For the tenth year in a row, Florida lawmakers raided the Sadowski Housing Trust Fund to balance the budget that currently sits on Governor Rick Scott‘s desk. One state representative says that needs to stop.
Democrat Sean Shaw says he will file legislation for the 2018 Legislative Session to block what has become an annual ritual of the Legislature, even if the likelihood of the bill’s passage is dubious.
“I’m willing to dedicate one of my six slots to that, just to have the discussion,” he says, referring to the rule that House members can only file six bills in a legislative session.
Sadowski funds come from a locally collected document stamp on real estate sales transactions that are sent to the state. Seventy percent of that is sent back via the State Housing Initiatives Partnership (SHIP) to all 67 counties, based on population, to primarily aid low-to-moderate-income residents with buying a home. The other 30 percent goes to the State Apartment Incentive Loan (SAIL), which the state uses as an incentive for developers to build affordable apartments.
Last year, lawmakers took $200 million out of the trust, cutting Scott’s original proposal of almost $240 million. The year before, the Legislature allocated $175 million of the $255 million that should have been spent on affordable housing.
“The Sadowski Fund isn’t the only one that gets swept,” Shaw told FloridaPolitics earlier this week. “It’s the one that means the most to me, but there are tons of funds that get swept into general revenue that are taken for specific amounts of money.”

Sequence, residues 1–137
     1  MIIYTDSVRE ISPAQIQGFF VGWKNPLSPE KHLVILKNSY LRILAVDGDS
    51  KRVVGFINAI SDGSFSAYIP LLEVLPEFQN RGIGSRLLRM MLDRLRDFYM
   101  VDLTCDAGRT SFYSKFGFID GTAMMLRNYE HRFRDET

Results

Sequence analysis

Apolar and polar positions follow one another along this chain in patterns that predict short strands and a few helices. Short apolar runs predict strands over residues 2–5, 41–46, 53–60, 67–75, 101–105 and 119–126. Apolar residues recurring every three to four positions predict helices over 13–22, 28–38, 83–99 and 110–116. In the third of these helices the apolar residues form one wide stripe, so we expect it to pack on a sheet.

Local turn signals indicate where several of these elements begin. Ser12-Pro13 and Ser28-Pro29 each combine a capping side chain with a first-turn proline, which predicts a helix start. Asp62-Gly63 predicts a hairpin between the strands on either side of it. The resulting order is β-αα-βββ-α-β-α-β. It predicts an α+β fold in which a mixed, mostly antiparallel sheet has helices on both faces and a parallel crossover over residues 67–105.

Shaw says the Legislature has its priorities out of order when it comes to issues such as affordable housing.
“For us to keep giving tax cut after tax cut, and then to make up for it with money from the Sadowski Fund, is ludicrous,” he says.
Chris King, the Winter Park businessman and Democratic gubernatorial candidate, is also making the raiding of the Sadowski Housing Trust Fund an issue in his campaign.
“It’s not fair that we have huge tax cuts to the biggest corporations in America while were raiding the affordable housing trust fund to the tune of $1.7 billion over the last 15 years, which has been an all-out attack on seniors, on law enforcement, on recent college graduates, anyone who wants to make a life here in Florida” he said earlier this week in Tampa.
Meanwhile, Shaw is slated to co-host a clinic on voting rights restoration this Saturday in Tampa.
The clinic is designed to help former felons regain rights they lost when convicted of crimes. Clinic participants will receive information and access to resources to help put them on the path to the restoration of their rights.
Co-sponsored with the Florida Rights Restoration Project, the clinic is scheduled for 9 a.m. to 2 p.m. Saturday (May 20) at Middleton High School, 4801 N 22nd St., Tampa.